According to another aspect of the invention, apparatus for controlling the rotation frequency of an electric motor comprises an up/down (U/D) counter, a motor controller, means for coupling the U/D counter to the motor controller, means for generating first signals corresponding to actual motor rotation frequency, means for generating second signals corresponding to desired motor rotation frequency, means for generating a system constant corresponding to physical parameters of the apparatus, a first gate, a second gate, a clock, means for coupling the means for generating the first signals to the first gate, means for coupling the clock to the second gate, means for coupling the first gate to one of the UP and DOWN terminals of the U/D counter, means for coupling the second gate to the other of the UP and DOWN terminals of the U/D counter, means for coupling the means for generating a system constant to one of the first and second gates, and means for coupling the means for generating the second signals to the other of the first and second gates.
The invention may best be understood by referring to the following description and accompanying drawings which illustrate the invention. In the drawings:
FIG. 1 illustrates a block diagram of a system constructed according to the invention;
FIG. 2 illustrates a block diagram of a system constructed according to the invention;
FIG. 3 illustrates a somewhat more detailed partly block and partly schematic diagram of a system constructed according to the invention;
FIG. 4 illustrates a block diagram of a system constructed according to the invention;
FIG. 5 illustrates a block diagram of a system constructed according to the invention; and
FIG. 6 illustrates a somewhat more detailed partly block and partly schematic diagram of a system constructed according to the invention.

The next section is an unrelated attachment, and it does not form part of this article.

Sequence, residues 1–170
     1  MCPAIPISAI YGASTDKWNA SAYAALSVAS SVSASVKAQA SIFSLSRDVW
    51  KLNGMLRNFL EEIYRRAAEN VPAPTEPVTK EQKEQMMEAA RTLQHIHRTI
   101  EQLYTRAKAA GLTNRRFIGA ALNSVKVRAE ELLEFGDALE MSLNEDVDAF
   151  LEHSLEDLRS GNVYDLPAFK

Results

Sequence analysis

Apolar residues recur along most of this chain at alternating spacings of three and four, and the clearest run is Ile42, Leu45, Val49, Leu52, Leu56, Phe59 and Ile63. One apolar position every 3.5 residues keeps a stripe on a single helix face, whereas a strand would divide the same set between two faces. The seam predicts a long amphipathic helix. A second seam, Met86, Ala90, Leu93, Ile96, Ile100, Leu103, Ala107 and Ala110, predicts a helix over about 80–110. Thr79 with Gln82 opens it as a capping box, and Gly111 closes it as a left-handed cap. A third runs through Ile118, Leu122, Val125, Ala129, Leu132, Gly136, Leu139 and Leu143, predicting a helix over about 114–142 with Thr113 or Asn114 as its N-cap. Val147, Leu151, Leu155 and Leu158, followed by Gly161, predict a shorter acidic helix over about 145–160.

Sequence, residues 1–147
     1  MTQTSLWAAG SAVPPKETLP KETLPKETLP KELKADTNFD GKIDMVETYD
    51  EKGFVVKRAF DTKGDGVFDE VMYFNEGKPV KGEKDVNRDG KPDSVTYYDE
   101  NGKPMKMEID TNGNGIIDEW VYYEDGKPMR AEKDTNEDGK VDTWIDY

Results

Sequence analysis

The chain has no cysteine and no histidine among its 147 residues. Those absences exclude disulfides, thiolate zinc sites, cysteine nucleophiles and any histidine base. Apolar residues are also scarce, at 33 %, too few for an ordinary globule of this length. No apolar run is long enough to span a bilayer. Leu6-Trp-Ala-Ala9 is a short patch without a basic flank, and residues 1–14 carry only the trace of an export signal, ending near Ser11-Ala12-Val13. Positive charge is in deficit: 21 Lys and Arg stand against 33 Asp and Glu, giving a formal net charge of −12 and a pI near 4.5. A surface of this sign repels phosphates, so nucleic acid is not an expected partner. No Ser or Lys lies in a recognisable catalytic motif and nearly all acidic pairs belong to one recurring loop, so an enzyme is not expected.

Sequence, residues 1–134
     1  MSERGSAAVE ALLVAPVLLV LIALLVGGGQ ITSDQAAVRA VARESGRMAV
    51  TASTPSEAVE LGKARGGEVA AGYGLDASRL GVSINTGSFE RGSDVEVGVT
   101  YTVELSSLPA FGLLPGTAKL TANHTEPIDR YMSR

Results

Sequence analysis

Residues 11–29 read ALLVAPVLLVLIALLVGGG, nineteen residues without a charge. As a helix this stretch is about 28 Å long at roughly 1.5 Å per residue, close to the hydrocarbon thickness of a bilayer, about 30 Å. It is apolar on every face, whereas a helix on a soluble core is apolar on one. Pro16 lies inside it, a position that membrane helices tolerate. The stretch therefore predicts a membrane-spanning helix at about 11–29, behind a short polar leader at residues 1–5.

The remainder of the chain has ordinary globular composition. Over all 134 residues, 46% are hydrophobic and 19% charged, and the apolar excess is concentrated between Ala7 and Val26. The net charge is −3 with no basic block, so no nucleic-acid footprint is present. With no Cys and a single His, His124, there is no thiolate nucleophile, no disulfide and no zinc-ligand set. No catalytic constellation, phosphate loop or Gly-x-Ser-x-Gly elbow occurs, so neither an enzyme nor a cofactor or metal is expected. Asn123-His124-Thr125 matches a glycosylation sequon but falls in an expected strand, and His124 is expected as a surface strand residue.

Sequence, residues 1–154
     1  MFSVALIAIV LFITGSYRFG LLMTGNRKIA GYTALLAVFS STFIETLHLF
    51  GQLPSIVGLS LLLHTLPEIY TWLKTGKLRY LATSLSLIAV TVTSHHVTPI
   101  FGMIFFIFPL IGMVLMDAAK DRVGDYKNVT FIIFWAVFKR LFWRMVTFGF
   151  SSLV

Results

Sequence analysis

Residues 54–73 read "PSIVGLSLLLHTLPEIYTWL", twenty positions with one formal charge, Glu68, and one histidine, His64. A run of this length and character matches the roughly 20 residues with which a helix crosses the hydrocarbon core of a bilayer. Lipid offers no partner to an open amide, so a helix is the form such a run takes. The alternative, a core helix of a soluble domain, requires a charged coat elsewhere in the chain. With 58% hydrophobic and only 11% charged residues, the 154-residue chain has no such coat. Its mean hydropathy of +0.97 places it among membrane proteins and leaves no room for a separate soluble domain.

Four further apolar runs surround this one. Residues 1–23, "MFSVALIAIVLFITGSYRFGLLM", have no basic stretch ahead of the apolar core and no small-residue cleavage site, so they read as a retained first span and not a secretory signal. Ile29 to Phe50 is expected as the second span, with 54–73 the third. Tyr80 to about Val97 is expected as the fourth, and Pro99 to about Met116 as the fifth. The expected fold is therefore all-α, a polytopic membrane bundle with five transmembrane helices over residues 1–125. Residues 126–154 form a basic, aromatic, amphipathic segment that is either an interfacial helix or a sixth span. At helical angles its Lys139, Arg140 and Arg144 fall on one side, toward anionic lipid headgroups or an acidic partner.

Referring now to FIG. 1, an oscillator 20 controlled by a potentiometer 22 provides signals to a "divide-by-A" circuit 24 and a "divide-by-C" circuit 26, to both of which oscillator 20 is coupled. The oscillator output frequency, Cfmd, divided by A, a predetermined constant, is then further divided by a predetermined constant B in a "divide-by-B" circuit 28 which is coupled to circuit 24.
The output signal from circuit 28, Cfmd /AB, is supplied to one input terminal of an AND gate 30. A signal at an established, substantially invariant rate is provided to the remaining input terminal of AND gate 30. For purposes of the system of FIG. 1, that signal is the 60 Hz line divided by an appropriate predetermined constant M by a "divide-by-M" circuit 32 coupled between the line and a respective input terminal of AND gate 30.
The output terminal of AND gate 30 is coupled to a counter circuit 34, the output of which is displayed by a display circuit 36. The display is a display of a time, illustratively 8:30 or eight minutes, thirty seconds, which is the desired cycle time of a machine to which a motor 40 of the system of FIG. 1 is coupled and which is driven through its cycle by motor 40. Such a machine might be, for example, a continuous pizza baking oven with a conveyor onto which pizzas are placed for baking and from which baked pizzas are removed after the conveyor executes a cycle through the oven. In the example, the cycle would take eight minutes, thirty seconds.